The NHL season is still relatively young, but enough games have been played - just short of a quarter of the season - that we are getting a good sense of which teams are good and which ones aren't. Over the last several seasons about 80 percent of teams that wind up making the playoffs are in a playoff position by Thanksgiving, so where teams are now matters more than you might guess. As we know a bit about teams, we can start to effectively assess the relative strength of the divisions. So, let's do just that. Here, in decreasing order of awesomeness, is how the four divisions - which will always be named Smythe, Norris, Patrick and Adams in my mind and heart - stack up so far for bettors:
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1. Metropolitan: The Metropolitan gets the nod as the top division even though the top team, Montreal, is in the Atlantic. From a betting perspective, though, the Metropolitan gets the clear edge. The New York Rangers are, to date, the top moneyline team in the league, and they have gone over the total more times than any other team (12-7). New Jersey is third in the moneyline and Columbus is fourth as well, so the betting success runs deep here. Besides being the best team to bet on, the Rangers qualify as one of the more pleasant surprises in the league this year to date. They were expected to be solid by most, but at this point they have the second-best record in the league and by far the biggest goal differential at +34. The bad news is that that goal differential is way beyond what has historically been sustainable in this modern NHL, so they could be set for a downward adjustment soon. Behind the Rangers, the Penguins and Capitals are mostly doing what is expected of them, though Sidney Crosby and crew had a horrifyingly bad game against the Rangers on Monday. Columbus, with 10 wins in 17 games, qualifies as a pleasant surprise as well, and New Jersey is ahead of schedule after an active offseason. The only truly major disappointment in the division is the Islanders. They looked a couple of years ago like they were ready to move into the elite realm, and they really have no excuses not to be by now. They have a league-worst 14 points in 17 games and are playing even worse than that point total suggests.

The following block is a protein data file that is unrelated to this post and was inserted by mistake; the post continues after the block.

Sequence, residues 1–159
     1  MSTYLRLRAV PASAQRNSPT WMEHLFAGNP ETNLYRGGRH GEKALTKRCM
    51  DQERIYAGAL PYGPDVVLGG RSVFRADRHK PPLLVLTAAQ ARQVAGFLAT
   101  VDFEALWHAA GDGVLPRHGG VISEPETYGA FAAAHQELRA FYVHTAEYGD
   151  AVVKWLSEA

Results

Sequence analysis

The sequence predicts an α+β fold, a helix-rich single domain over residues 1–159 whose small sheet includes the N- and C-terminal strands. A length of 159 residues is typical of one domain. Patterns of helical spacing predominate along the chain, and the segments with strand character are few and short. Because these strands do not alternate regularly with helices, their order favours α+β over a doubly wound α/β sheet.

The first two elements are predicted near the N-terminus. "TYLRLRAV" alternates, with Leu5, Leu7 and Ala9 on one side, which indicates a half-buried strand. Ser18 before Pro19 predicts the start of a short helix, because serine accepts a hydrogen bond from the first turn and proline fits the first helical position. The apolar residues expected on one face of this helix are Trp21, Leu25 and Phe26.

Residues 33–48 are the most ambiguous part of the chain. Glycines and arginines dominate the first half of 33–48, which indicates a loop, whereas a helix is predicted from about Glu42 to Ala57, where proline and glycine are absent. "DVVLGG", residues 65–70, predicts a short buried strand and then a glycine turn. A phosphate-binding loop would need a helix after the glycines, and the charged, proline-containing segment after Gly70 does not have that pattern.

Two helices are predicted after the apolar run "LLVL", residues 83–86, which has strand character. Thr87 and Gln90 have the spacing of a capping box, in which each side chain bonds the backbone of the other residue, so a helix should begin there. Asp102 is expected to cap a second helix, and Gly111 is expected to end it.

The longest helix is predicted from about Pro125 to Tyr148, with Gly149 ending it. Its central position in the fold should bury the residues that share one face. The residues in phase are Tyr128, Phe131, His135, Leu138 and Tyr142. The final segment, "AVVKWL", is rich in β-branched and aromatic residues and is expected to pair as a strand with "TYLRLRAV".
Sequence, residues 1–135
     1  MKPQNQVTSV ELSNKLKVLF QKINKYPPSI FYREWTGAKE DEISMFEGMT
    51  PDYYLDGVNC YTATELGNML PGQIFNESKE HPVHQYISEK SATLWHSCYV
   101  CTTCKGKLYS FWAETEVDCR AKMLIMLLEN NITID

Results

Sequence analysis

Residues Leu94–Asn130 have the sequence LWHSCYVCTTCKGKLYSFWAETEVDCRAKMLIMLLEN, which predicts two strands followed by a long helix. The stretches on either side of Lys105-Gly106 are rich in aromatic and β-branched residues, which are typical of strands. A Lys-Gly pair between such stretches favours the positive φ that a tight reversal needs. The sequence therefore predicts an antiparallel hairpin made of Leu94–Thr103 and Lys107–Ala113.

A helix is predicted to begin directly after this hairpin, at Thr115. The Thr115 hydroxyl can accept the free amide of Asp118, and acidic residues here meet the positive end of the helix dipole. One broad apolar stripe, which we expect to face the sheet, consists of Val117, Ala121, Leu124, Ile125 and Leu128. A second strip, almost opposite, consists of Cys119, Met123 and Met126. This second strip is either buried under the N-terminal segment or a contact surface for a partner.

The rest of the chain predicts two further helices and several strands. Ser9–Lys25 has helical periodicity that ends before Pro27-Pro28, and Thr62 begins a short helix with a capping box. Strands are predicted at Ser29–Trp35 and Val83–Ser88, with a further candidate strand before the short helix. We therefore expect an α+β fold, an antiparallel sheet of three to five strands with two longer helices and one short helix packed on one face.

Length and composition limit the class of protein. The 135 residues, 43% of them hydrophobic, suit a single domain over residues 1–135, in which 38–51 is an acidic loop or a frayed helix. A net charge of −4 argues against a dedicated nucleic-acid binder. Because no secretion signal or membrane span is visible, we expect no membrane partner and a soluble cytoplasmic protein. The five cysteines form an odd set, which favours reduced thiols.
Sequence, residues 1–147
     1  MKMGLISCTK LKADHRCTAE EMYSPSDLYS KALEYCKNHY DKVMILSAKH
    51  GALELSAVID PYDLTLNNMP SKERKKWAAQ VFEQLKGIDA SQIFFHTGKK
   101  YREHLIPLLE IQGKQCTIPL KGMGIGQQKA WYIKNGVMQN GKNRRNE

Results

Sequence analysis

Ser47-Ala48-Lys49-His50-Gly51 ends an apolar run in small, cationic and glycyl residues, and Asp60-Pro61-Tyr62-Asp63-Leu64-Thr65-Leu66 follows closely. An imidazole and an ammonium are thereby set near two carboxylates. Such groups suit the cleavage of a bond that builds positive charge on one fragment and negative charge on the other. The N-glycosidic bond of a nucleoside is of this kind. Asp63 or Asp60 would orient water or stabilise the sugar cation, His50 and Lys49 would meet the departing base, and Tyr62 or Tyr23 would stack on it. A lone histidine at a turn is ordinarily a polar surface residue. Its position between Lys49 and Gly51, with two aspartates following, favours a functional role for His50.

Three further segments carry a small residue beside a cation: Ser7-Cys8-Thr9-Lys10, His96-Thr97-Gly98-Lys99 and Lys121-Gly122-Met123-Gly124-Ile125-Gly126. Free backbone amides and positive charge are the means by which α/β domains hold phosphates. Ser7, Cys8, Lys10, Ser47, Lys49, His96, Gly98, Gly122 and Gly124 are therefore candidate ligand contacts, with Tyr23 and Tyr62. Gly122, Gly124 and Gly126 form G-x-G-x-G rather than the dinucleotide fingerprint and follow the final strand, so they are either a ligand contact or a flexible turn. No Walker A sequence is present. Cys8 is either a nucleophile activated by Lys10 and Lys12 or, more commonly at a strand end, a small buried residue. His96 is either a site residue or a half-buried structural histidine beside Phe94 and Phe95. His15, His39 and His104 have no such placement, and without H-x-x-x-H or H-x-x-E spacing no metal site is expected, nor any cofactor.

2. Atlantic: Montreal is absolutely tearing it up and has the best record in the league. They are also the second-most-profitable moneyline team in the league. We should note, though, that Montreal has somehow played 12 of their 19 games at home, so the schedule has certainly been advantageous. They are 11-0-1 in those games, so they are fully maximizing the opportunity they have been given. Tampa Bay had a rocky offseason and has been hit by injuries already, but they are playing fine hockey and sit just five points behind Montreal. Boston and Ottawa are both better than most expected. Florida is right where they should be. Toronto feels like they are overachieving slightly, but being above .500 is a massive accomplishment given where they have been for the last few years (or decades for that matter). Buffalo has been absolutely ravaged with injuries and is still flirting with .500. Fans there aren't amused, but it could certainly be much worse. And even Detroit, who is sitting in the cellar of the division and is likely to see their long playoff streak end, has a respectable 17 points in 19 games. All and all this is a solid conference.